Notice: Seventh Circuit Rule 53(b)(2) States Unpublished Orders Shall Not Be Cited or Used As Precedent Except to Support a Claim of Res Judicata, Collateral Estoppel or Law of the Case in Any Federal Court Within the Circuit.ion Sofinet, Petitioner, v. Immigration and Naturalization Service, Respondent, 134 F.3d 374 (7th Cir. 1998)Annotate this Case
Submitted Dec. 19, 1998. *Decided Jan. 6, 1998
Before FAIRCHILD, CUMMINGS and MANION, Circuit Judges.
Ioan Sofinet is a 49-year-old Romanian citizen of Ukrainian descent He appeals from the decision of the Board of Immigration Appeals (BIA) which denied his request for asylum or withholding of deportation. We affirm
Under the regime of Romania's Communist dictator Nicolae Ceausescu, because Sofinet was a Ukrainian, he was not permitted to receive a high school education or to serve in the armed forces or the police, his obligation of military service was performed in construction sites doing hard labor. And Sofinet was prohibited from practicing his religion (Roman Catholicism) publicly, although Orthodox Christians could publicly worship. In 1981, Sofinet's sister fled Romania to Yugoslavia, and because of her escape, the Romanian security police interrogated Sofinet repeatedly, often for three or four hours. In 1982, Sofinet also attempted to escape, but he was caught by Romanian border police, who beat him into unconsciousness; Sofinet's jaw was broken during this beating. During the three weeks that the police detained Sofinet, they beat and interrogated him regularly. Even after he was released, he still was interrogated three or four times a week, often in the middle of the night. This went on until December of 1989, when the Ceausescu regime was overthrown. In 1990, the new Romanian government issued Sofinet a passport and allowed him to depart the county.
Sofinet traveled to the United States on a visitor's visa, which he overstayed. The government initiated deportation proceedings, and a hearing was held before an Immigration Judge on March 22, 1995. Sofinet sought asylum and withholding of deportation, claiming that he had suffered past persecution in Romania. The Immigration Judge denied Sofinet's application for asylum because he concluded that Sofinet had not proven past persecution. On appeal, the BIA reversed this finding, concluding that Sofinet's treatment had amounted to persecution. But past persecution does not necessarily entitle an alien, to asylum it merely creates a rebuttable presumption of future persecution. See Vaduva v. INS, No. 97-1931 (7th Cir December 15, 1997). The BIA in this case concluded that the changed circumstances in Romania sufficiently rebutted this presumption. The BIA also concluded that Sofinet's past persecution was not so severe that it would be inhumane to return him to Romania. We review the BIA's factual determination is under the "substantial evidence" standard Bereza v. INS, 115 F.3d 468, 473 (7th Cir. 1997). We may reverse the BIA's conclusion only if the evidence compels a different result Borca v. INS, 77 F.3d 210, 214 (7th Cir1996).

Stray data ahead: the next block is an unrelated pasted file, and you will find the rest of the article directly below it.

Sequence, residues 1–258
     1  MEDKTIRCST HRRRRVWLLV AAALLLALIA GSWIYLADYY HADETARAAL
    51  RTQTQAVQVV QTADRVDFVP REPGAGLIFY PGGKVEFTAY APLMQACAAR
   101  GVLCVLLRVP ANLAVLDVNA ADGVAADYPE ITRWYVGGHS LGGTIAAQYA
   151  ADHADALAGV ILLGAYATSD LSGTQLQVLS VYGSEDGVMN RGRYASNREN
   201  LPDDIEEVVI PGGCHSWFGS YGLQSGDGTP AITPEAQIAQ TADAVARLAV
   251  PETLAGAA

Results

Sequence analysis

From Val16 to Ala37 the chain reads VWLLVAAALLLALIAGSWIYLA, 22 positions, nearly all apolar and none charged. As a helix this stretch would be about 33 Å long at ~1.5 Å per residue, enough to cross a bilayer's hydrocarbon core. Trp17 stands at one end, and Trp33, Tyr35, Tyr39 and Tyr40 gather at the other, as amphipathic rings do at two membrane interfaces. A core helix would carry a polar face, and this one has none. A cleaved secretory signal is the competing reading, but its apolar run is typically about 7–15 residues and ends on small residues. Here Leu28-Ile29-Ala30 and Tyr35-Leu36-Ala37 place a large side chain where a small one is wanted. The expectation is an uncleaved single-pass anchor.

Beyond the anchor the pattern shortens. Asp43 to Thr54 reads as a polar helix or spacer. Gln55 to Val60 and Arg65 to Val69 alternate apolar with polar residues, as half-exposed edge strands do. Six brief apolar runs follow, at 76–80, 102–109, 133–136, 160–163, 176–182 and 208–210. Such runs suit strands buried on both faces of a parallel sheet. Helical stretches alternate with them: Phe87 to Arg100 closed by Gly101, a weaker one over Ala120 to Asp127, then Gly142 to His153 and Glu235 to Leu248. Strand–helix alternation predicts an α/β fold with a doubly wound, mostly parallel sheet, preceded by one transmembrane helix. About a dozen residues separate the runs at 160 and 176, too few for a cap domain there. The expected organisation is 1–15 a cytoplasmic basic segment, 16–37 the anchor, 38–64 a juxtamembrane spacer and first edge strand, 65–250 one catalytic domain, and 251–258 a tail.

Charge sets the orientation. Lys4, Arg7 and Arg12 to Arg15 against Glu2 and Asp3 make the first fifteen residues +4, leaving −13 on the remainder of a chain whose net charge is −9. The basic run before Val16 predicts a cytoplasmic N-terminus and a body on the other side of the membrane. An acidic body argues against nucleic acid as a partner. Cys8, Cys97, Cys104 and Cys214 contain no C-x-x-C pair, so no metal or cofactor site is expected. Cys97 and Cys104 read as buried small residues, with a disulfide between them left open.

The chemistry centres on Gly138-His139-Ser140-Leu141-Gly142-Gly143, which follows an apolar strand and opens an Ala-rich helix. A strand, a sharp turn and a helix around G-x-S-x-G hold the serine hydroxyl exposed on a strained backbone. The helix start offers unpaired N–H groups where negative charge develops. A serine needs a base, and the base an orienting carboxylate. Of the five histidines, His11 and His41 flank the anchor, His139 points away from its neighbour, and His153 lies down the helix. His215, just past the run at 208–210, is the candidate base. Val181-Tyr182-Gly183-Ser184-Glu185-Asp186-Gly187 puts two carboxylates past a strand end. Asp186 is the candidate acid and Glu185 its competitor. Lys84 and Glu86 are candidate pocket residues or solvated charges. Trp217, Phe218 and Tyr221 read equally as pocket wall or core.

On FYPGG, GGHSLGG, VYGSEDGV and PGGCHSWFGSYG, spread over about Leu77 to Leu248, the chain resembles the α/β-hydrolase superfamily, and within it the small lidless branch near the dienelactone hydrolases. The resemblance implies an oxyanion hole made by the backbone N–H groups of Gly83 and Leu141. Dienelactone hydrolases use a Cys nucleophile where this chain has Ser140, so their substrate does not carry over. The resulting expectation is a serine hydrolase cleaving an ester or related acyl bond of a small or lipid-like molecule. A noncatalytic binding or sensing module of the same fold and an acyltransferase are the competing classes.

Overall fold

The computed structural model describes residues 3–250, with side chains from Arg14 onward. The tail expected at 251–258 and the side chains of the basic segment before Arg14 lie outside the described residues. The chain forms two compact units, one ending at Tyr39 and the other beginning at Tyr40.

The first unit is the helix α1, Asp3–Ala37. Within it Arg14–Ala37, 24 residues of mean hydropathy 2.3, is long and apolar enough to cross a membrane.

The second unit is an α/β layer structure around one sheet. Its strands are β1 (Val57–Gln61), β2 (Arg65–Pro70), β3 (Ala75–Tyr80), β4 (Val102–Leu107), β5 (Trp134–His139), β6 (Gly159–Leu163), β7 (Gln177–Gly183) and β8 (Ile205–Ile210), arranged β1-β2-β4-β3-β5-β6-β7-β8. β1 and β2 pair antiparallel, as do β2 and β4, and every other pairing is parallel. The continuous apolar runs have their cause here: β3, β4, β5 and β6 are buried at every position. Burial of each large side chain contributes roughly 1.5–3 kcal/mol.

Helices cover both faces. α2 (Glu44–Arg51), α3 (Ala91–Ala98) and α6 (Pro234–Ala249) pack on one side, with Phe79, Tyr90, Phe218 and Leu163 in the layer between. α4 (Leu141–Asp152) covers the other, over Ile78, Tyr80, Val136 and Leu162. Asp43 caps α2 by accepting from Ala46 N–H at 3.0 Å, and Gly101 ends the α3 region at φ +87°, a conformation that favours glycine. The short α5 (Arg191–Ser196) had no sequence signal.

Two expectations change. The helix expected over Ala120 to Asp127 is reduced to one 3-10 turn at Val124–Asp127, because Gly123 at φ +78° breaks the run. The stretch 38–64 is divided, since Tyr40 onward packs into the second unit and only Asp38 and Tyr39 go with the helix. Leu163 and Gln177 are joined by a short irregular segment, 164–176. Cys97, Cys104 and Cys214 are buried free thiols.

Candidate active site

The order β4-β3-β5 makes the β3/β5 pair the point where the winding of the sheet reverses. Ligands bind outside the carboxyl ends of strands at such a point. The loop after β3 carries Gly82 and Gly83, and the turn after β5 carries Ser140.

The presumption of a well-founded fear created in Sofinet's favor due to his past persecution was rebutted by the government's evidence, which included a 1994 Department of State profile on Romania, which indicated that conditions in Romania had substantially changed for the better. This profile stated that "Romania has been profoundly transformed since the overthrow of the dictator Ceausescu in 1989," and that while many Romanians still seek better economic conditions, civil liberties are respected on the national level. For instance, the right to emigrate and return is constitutionally protected and respected in practice, as evidenced by the fact that Sofinet was allowed to leave the country legally in 1990. In response to the government's evidence, Sofinet did not present any current evidence showing that things have not changed. See Vaduva, op at 4 (noting that outdated reports of persecution in Romania did not rebut the government's evidence of present changed conditions). Because Sofinet failed to counter the government's evidence, we conclude that substantial evidence supported the BIA's finding that the government had rebutted the presumption of future persecution.
Even absent a well-founded fear of future persecution, past persecution may provide a basis for asylum if returning the alien to his former country could be inhumane. Bucur v. INS, 109 F.3d 399, 404-05 (7th Cir. 1997). The applicant must show that the past experiences were so terrible and so "sear [ed] [that] person with distressing associations with his native country that it would be inhumane to force him to return there, even though he is in no danger of further persecution." Bereza, 115 F.3d at 472 (citation omitted). One cannot deny that the mistreatment that Sofinet suffered under the Ceaucescu regime was serious. But the mistreatment was not so sever that the BIA abused its discretion in declining to grant Sofinet asylum for humanitarian reasons. See Vaduva, op. at 2-3 (affirming return of Romanian who had been beaten by anti-democracy forces in Romania a full three years after the fall of the Ceausescu regime).
For these reasons, we affirm the decision of the BIA.
After an examination of the briefs and the record we have concluded that oral argument is unnecessary, and the appeal is submitted on the briefs and the record. See Fed. R. App. P. 34(a), Cir R. 34(f)